Moveable self-contained barricades can be towed into position to control vehicle access within 15 minutes to answer the need of organisations that quickly require a temporary barricade system to address a specific threat or secure a facility during special events. These mobile deployable vehicle crash barriers carry a M40 rating, stopping 13 608 kg vehicles travelling at 64 kmph. No excavation or sub-surface preparation is required. Once towed into position, the portable barricade uses DC-powered hydraulic pumps to unpack and raise and lower itself off its wheels. There is no hand cranking. Wheels are stored along the sides and the vehicle ramps fold out, completing the implementation. To move the barrier from that spot to another, the procedures are just reversed.

Differing from the ‘hard stop,’ wanted with anti-terrorist barricades, the Soft Stop technology of the portable barrier decelerates and stops the vehicle over a short distance. This is important because, in many cases, the tragedies that the portables negate are accidents. Authorities want the vehicle stopped but they also want to minimise injury to the driver.

No application too large or small

Protecting people from vehicle attack is no small responsibility; it’s becoming mandatory. Knowing that you’ve got the right equipment in place to secure the campus from vehicle threat and prevent what is becoming all too common human tragedy brings a peace of mind that no amount of money can buy. Carefully researching available options and consulting with experts will ultimately lead to the right solution in helping you protect your campus from vehicle-based terrorism.

For more information go to www.deltascientific.com




Share this article:
Share via emailShare via LinkedInPrint this page



Further reading:

Social media and intelligence-led surveillance
July 2019, Leaderware , Editor's Choice, Integrated Solutions, Security Services & Risk Management
Social media has become a major feature of most people’s lives in the last few years and they can be invaluable as a source of information for companies and security organisations.

Read more...
The 4th Industrial Revolution
July 2019, Wolfpack Information Risk , Editor's Choice, Cyber Security, Security Services & Risk Management, Industrial (Industry)
Most major industries have turned to and are reliant on technology to run their operations. This is a time of great promise, but also one of frightening peril.

Read more...
Data protection more challenging
July 2019 , Editor's Choice, IT infrastructure
The number of businesses unable to recover data after an incident nearly doubled from 2016, according to the Global Data Protection Index surveying 2 200 IT decision makers from 18 countries.

Read more...
Cyber-attacks target operational technology
July 2019 , Editor's Choice, Cyber Security, Industrial (Industry)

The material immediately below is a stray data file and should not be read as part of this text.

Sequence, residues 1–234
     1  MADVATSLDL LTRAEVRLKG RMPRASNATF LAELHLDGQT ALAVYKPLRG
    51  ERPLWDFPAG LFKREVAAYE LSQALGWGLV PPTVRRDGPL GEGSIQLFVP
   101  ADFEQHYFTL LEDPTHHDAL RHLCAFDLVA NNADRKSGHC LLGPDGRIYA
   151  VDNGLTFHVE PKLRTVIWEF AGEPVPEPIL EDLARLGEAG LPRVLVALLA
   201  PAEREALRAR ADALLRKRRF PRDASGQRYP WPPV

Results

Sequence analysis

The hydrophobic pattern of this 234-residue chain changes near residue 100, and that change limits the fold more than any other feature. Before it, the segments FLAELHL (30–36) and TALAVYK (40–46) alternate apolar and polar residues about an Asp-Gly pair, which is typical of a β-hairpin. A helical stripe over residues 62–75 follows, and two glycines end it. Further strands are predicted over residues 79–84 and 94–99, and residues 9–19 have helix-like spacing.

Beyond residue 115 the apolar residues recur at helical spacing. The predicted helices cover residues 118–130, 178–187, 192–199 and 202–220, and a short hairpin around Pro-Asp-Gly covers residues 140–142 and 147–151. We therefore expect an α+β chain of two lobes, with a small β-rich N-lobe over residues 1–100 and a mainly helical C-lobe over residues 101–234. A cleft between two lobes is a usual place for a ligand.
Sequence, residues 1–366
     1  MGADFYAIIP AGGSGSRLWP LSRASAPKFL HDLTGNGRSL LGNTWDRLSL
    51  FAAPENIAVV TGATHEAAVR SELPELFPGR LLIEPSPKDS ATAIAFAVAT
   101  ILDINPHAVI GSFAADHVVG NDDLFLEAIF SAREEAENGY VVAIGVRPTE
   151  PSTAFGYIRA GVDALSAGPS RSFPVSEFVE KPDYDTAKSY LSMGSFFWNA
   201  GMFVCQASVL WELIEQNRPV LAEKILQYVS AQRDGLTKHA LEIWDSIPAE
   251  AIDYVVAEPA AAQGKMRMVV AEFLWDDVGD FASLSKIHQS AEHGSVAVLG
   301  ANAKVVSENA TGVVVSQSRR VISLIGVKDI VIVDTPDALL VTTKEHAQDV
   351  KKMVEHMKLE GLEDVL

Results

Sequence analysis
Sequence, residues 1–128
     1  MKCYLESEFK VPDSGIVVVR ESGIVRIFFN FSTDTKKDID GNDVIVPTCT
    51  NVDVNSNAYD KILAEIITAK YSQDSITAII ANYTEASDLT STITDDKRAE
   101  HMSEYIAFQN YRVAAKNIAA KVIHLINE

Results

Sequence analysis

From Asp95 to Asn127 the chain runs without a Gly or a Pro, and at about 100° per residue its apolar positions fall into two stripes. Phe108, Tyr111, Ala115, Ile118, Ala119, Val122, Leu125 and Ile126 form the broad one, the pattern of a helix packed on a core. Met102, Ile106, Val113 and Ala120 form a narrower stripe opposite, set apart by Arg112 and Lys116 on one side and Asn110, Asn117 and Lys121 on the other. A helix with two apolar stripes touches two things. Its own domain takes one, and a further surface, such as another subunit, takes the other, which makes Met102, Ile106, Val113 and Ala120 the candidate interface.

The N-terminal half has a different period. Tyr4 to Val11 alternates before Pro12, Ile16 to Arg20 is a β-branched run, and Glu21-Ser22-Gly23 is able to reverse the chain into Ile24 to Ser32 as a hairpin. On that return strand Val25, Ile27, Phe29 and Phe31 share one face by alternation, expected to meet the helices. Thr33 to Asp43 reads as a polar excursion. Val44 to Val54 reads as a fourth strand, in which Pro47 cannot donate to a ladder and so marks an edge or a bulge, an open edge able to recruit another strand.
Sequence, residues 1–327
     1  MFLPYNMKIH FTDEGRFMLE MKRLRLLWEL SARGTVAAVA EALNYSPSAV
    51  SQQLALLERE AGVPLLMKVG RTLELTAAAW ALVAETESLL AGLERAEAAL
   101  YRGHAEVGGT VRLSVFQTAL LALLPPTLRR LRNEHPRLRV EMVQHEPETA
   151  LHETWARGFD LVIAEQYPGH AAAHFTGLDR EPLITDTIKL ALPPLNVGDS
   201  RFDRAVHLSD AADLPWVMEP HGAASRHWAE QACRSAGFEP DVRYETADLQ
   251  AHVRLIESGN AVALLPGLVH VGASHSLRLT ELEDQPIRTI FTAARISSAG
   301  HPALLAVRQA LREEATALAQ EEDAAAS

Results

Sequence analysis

Focus on operational technology security increasing as around 74% of OT organisations come under attack in the past year, finds a new Fortinet report.

Read more...
Fear of the unknown
July 2019, Kaspersky Lab , Cyber Security, Security Services & Risk Management
Fear of the unknown: while there’s still interest in cryptocurrencies, just 19% locally understand how they work.

Read more...
Ingo Mutinelli moves to IDEMIA
July 2019, Technews Publishing, IDEMIA , Editor's Choice, News
IDEMIA, the security and identity management company has announced that Ingo Mutinelli will be taking on the post of regional sales director for the southern Africa region.

Read more...
Residential Estate Security Conference 2019: Integrating man and machine for effective security and operations
July 2019, Technews Publishing , Editor's Choice, News, Residential Estate (Industry), Conferences & Events
The Residential Estate Security Conference 2019 will delve into how estates and their service providers can better integrate man and machine for more effective security and operations.

Read more...
Milestone appoints new VP for research and development
July 2019, Milestone Systems , Editor's Choice, CCTV, Surveillance & Remote Monitoring, News
Milestone Systems has appointed Tom Bjerre as its new VP for research and development. He will oversee planning, development, testing and release of Milestone Systems’ video management software.

Read more...
Child fingerprint identification solution
July 2019 , News, Access Control & Identity Management
Gavi, NEC, and Simprints to deploy world’s first scalable child fingerprint identification solution to boost immunisation in developing countries.

Read more...
Johnson Controls launches Technology Contracting in Africa
July 2019, Johnson Controls , Editor's Choice, News, Security Services & Risk Management
To address the growing challenge of planning, integrating and maintaining a multitude of different, highly connected systems, Johnson Controls is launching Technology Contracting in Africa.

Read more...